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A basic guide to backing up your data
Backing up data regularly is essential, especially for businesses as they will have data that they cannot afford to lose – customer databases, accounts, payroll records, and so on.
A comprehensive data backup strategy is vital to your data security. There are a number of different methods to choose from, depending on how much data you need to backup and how often you want to do it.
Types of backup
A full backup consists of a copy of your entire system; typical components include all of your data, applications, drivers, settings and your operating system.
Incremental and differential backups are similar to one another; both make copies of only the files that have changed since the last time you ran your backup schedule.
With selective backups, you manually select the files you’d like to back up.
Cloud storage, such as iCloud, OneDrive, Dropbox and GoogleDrive, are a popular method for backing up your data to keep it safe. They usually comes with some free storage space and additional space can be purchased at a reasonable price. Data can then be accessed by computers and mobile devices wherever you are. You will need the Internet to be able to access your files.
Saving data on an external hard drive
These portable devices connect to one computer at a time and come with software to enable you to schedule backups. They require a USB connection.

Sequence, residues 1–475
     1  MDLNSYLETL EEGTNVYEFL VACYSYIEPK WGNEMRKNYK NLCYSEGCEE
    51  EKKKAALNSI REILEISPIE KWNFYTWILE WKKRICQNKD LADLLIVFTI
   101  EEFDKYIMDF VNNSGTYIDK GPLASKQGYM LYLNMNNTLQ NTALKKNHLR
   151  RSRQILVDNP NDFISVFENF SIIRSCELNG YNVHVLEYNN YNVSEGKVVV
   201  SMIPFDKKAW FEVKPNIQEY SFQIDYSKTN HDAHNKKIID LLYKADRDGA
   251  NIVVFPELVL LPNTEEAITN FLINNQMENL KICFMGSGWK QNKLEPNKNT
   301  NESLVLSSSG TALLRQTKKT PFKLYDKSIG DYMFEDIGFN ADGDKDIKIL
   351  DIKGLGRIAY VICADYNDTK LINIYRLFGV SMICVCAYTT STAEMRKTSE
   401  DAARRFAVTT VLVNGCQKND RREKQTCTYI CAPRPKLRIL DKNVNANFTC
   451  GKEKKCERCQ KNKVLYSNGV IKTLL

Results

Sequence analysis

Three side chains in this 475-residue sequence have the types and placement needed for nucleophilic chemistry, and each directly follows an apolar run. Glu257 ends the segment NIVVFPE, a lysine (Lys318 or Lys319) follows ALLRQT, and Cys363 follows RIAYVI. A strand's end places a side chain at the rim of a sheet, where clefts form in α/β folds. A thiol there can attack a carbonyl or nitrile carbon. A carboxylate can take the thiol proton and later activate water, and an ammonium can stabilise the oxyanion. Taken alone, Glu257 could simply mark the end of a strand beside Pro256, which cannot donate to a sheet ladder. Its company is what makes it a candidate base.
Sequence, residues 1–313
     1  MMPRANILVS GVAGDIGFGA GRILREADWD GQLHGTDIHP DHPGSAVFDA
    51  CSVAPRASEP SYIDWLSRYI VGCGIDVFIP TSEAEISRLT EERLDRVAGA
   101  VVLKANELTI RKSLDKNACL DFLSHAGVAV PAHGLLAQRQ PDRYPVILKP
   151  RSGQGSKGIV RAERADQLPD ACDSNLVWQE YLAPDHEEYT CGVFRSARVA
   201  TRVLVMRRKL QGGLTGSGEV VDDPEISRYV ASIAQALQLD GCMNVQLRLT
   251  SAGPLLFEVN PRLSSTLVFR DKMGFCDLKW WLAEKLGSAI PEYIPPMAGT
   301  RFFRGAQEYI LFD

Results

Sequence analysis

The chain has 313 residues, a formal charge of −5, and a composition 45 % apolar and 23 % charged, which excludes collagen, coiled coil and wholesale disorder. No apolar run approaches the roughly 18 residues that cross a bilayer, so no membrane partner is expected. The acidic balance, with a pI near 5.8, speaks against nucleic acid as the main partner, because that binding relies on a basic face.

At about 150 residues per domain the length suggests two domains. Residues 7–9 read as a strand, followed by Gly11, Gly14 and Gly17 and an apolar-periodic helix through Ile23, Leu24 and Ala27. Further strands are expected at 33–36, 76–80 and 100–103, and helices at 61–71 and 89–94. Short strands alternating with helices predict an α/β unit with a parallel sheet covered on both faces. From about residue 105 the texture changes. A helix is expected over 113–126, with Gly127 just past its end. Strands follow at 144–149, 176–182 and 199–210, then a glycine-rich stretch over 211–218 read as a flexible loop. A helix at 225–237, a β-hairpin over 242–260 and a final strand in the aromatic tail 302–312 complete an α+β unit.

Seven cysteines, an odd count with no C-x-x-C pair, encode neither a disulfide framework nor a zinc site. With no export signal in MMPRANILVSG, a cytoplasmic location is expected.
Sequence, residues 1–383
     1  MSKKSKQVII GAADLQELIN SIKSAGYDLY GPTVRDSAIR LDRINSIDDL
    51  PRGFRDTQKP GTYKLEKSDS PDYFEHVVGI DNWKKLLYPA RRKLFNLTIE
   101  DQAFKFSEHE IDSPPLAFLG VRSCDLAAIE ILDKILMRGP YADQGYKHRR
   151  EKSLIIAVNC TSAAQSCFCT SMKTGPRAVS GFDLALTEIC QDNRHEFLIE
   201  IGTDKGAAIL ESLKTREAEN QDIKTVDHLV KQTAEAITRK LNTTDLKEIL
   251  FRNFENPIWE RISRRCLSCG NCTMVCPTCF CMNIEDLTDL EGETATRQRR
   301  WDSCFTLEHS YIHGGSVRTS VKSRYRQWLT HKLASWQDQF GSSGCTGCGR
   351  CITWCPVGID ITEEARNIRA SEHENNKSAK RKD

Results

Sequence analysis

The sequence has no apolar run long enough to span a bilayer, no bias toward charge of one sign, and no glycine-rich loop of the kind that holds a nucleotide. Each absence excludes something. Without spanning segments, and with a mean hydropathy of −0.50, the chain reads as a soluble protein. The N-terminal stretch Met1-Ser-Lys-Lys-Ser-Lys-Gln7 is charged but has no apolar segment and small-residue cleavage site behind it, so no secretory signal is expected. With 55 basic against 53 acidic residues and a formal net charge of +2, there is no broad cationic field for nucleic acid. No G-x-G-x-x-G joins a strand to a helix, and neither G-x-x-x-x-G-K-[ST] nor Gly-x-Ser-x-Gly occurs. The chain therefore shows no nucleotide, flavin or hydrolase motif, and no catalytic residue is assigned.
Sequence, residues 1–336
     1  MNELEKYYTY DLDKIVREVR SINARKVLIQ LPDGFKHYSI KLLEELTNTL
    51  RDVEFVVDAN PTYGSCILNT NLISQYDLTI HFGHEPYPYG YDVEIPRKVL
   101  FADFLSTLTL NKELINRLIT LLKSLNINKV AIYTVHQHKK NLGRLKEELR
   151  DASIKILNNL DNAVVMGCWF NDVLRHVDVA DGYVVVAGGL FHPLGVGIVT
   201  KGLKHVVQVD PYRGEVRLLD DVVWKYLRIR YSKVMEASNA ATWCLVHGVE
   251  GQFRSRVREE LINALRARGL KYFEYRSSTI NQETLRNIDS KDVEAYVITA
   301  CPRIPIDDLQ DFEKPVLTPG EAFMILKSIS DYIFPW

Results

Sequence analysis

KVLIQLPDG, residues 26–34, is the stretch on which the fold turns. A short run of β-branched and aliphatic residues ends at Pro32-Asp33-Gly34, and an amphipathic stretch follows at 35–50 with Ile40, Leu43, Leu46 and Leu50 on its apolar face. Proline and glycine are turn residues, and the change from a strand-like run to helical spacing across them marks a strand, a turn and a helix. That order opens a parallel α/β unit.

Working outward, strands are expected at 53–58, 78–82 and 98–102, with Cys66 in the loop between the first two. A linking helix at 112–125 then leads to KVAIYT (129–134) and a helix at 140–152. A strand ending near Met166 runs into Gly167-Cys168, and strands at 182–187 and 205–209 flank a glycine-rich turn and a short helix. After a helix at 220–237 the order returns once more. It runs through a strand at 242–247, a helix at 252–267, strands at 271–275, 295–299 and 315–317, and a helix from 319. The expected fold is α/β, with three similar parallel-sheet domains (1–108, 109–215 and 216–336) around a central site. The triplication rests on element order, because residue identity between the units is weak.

Other options include:
- Back up to a CD or DVD drive. CDs will hold up to 700 MB; most DVDs will hold 4.7 GB
- Use a Zip or Jaz drive. These are made by Iomega. Zips hold 250 MB of data; Jaz holds 2 GB.
What data to back up
You don’t need to back up your applications, such as Microsoft Word. But any important information that you create must be protected.
The most common way to backup email data is by exporting important messages into files, which can then be backed up.
For Windows users, you should back up your registry files. Most backup programs allow you to back up the Registry automatically. Otherwise, search online for how to do this manually.
As a general rule, people who use their computer occasionally (5 hours/week or less) should be backing up their data on at least a weekly basis. If you use your computer more frequently, however (more than 10 hours/week), doing it daily is probably a good idea. Another variable is the type of data you store on your computer. Obviously, the more important it is to you, the more important backing it up becomes.
I hope this article was useful. You can find more articles here.
If you need any further help or advice, you can contact Jane Walker – telephone 0777 169 1194.